Treatment of Headaches During  Pregnancy and Lactation g y

10/12/2011
Treatment of Headaches During Pregnancy and Lactation
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y
Sylvia Lucas MD, PhD
University of Washington Medical Center
Seattle, Washington
November 13, 2011
Drug Safety During Pregnancy
Drugs and Pregnancy
• Peak prevalence of migraine occurs during women’s childbearing years
• Majority of migraineurs improve during pregnancy; 7% note onset during pregnancy
• Increase in age at which women become pregnant means more chronic medical conditions
• 60% of pregnancies are unplanned
• Pre‐pregnancy planning session: review prescription, OTC, supplements, caffeine, nicotine, alcohol use
– may need to change to safer drugs at their lowest effective dose
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Concept of Drug Safety during Pregnancy
• “Use in pregnancy is not recommended unless the potential benefits justify the potential risks to the fetus”
– “if benefit outweighs risk”
– Drug use during pregnancy could be considered D
d i
ld b
id d
“off label” – Drugs not tested on pregnant women
– Significant benefit to woman with severe migraine
– Risk difficult to ascertain, but document a “risk‐
benefit” conversation
US FDA Categories of Medication Risk in Pregnancy
A Controlled human studies show no risk
B No evidence of risk in humans, but no controlled studies
C Risk to humans has not been ruled out
D Positive evidence of risk to humans from human or animal studies
X Contraindicated in pregnancy
Some Limitations of FDA Rating Scale
• Information is difficult to interpret for use in counseling women on drug safety for the majority of drugs which are rated B or C
– Either animal studies have not demonstrated fetal risk but no controlled studies in pregnant women (B)
– Either studies in animals have shown adverse effects on fetus and there are no controlled studies in pregnant women or studies in women and/or animals are not available (C)
• Half of FDA‐approved drugs do not have a rating category
• Classification often not changed when new data are available (e.g. COC, bendectin, spermicides)
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FDA Categories to Avoid
• Category D
– Divalproex sodium, carbamazepine, tetracycline are known teratogens
– But also clonazepam, atenolol, and topirimate (new)
– NSAIDs become D in the 3rd trimester
• Category X
Category X
– Avoid ergotamine, methysergide and other ergot‐related drugs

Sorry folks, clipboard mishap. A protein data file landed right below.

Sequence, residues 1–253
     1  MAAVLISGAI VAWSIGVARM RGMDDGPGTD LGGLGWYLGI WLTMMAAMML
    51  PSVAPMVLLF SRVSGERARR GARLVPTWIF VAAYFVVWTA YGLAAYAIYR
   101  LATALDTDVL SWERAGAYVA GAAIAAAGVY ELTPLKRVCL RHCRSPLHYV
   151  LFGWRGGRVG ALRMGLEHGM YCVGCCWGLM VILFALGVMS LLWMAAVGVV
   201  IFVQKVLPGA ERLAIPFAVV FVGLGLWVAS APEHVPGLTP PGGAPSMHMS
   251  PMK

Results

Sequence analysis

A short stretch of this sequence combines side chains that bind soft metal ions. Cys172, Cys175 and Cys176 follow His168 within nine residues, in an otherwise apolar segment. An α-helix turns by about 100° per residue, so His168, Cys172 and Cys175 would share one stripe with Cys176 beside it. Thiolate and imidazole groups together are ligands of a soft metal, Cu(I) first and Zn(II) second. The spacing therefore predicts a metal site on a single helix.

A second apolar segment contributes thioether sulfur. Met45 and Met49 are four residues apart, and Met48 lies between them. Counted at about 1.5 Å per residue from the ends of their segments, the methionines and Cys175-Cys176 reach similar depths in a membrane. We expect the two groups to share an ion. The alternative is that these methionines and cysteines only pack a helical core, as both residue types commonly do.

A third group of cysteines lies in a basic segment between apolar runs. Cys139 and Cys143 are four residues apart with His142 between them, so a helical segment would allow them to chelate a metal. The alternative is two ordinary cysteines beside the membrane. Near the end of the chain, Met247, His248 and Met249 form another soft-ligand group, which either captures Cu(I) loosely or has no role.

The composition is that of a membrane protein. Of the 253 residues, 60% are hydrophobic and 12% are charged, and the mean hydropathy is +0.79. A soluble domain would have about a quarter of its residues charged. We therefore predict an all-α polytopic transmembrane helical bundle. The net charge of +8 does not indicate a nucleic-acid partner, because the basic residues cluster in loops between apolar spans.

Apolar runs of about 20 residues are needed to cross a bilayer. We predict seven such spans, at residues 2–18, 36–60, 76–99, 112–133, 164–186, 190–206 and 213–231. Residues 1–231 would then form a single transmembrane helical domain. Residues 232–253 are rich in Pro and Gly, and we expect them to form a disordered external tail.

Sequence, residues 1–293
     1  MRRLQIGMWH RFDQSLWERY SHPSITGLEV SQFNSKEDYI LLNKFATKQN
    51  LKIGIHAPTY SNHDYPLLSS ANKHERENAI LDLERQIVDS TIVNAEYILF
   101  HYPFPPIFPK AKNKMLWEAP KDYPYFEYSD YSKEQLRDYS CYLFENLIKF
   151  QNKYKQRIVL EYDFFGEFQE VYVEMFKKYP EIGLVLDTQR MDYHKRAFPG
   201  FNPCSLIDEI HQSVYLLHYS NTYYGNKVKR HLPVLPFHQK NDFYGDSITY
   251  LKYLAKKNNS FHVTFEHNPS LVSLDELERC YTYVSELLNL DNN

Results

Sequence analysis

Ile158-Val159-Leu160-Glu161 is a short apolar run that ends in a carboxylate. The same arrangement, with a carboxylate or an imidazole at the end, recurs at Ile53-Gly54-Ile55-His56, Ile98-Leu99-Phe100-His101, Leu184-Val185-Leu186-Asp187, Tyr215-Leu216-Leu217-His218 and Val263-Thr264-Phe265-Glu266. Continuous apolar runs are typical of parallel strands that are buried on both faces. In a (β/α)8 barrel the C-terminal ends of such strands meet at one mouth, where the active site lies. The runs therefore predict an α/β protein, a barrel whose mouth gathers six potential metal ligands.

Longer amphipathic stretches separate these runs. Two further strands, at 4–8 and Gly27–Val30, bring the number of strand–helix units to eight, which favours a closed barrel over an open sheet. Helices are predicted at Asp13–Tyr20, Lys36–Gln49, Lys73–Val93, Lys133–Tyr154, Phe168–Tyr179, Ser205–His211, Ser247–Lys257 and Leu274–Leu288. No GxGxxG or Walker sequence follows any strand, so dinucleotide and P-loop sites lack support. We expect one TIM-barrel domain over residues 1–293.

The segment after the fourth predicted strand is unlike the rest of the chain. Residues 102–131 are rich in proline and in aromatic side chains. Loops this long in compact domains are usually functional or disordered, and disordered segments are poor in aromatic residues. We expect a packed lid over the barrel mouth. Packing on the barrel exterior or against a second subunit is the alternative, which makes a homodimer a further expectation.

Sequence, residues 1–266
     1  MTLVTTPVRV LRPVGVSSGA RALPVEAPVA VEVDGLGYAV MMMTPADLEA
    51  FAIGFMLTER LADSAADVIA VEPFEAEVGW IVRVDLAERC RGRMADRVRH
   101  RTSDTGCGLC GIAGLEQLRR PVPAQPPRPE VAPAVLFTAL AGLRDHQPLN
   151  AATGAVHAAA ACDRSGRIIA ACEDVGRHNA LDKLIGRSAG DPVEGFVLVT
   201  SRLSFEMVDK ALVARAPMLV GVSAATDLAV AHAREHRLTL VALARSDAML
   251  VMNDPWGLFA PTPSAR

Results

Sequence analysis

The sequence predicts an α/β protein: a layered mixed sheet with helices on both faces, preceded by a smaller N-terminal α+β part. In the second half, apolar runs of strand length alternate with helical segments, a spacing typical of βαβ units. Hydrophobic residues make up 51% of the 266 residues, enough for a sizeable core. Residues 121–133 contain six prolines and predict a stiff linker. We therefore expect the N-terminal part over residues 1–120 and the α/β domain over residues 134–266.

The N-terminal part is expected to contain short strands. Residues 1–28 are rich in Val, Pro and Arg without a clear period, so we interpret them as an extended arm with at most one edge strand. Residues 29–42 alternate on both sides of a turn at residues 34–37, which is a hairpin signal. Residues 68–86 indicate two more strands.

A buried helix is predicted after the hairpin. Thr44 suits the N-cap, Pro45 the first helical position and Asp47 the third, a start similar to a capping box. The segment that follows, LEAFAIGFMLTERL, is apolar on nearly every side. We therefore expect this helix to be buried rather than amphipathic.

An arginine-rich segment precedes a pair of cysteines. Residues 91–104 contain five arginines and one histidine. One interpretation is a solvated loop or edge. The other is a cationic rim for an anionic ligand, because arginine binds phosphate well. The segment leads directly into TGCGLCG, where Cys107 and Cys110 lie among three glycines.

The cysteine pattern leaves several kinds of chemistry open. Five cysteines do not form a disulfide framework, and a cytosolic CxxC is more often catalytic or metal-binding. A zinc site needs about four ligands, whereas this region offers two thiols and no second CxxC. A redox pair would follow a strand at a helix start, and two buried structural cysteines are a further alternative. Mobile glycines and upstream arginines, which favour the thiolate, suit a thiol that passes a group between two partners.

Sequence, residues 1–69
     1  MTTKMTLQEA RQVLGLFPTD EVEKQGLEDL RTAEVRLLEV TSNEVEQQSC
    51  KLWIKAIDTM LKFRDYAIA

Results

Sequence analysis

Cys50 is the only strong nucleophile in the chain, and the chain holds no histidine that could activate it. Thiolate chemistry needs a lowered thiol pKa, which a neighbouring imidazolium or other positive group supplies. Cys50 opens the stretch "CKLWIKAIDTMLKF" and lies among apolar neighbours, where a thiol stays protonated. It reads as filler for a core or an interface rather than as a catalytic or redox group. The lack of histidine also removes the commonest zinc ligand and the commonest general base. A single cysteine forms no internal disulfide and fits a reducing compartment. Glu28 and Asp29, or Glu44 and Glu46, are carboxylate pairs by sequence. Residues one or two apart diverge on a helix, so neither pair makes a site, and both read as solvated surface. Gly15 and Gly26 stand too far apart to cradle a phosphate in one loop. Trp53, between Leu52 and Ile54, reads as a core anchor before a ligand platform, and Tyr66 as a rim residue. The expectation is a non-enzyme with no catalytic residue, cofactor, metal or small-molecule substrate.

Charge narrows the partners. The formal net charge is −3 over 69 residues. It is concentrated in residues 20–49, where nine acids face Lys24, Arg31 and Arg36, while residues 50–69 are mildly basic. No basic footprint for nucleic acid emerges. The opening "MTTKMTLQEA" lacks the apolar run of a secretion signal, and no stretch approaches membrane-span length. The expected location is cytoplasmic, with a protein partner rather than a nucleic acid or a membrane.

• Decrease uterine blood flow (fetal hypoxia and growth retardation)
• Increase uterine muscle tone/contractions
– Dihydroergotamine not linked to increased risk of congenital malformation, but possible fetal bradycardia in late pregnancy
– Blue cohosh (yellow ginseng)‐uterine stimulant; CHF in infants
– Misoprostol‐uterine bleeding and abortion
– Ribivarin and Interferon alfa‐2B (Rebetron)‐potent teratogen
– Cholesterol‐lowering agents
Avoid Known Teratogens
• The Teratology Society has proposed that the FDA abandon the current classification in favor of evidence‐based narrative statements
• Defined as dysgenesis of fetal organs as D fi d d
i ff t l
evidenced either structurally or functionally (e.g. restricted growth, fetal death, carcinogenesis, malformation, brain function)
Teratogens can be Structural or Functional
• Potential structural abnormalities
– Thalidomide, MTX, ACE inhibitors, lithium, misoprostol, NSAIDS in the third trimester, tetracycline
• Potential functional abnormalities
– Carbamezepine, isotretinoin, phenytoin, valproic
acid, warfarin
• Functional effects at later exposure times
– Anticholinergic drugs, barbiturates, opioids, benzodiazepines
Koren G et al. NEJM 1998:338; 1128
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How Pregnancy Affects Drug Pharmacokinetic Properties
p
Variability of Drug Plasma Levels During Pregnancy
• Absorption
– Reduction in intestinal motility
– Increase in gastric pH
– No effect of pregnancy on bioavailability
• Distribution
– Increase in plasma volume
– Increase in fraction of drug unbound in plasma
– Albumin concentrations decrease during second trimester and continue to decline to about 70‐80% of normal values
– If clearance depends on protein binding, total concentration will underestimate unbound or active concentrations e.g. phenytoin and valproate
Effect of Pregnancy on Metabolism
First trimester
Second
trimester
Third trimester
CYP1A2
↓33%
↓50%
↓65%
CYP2A6
No data
↑54%
↑54%
CYP2C9
No data
No data
↑20%
CYP2C19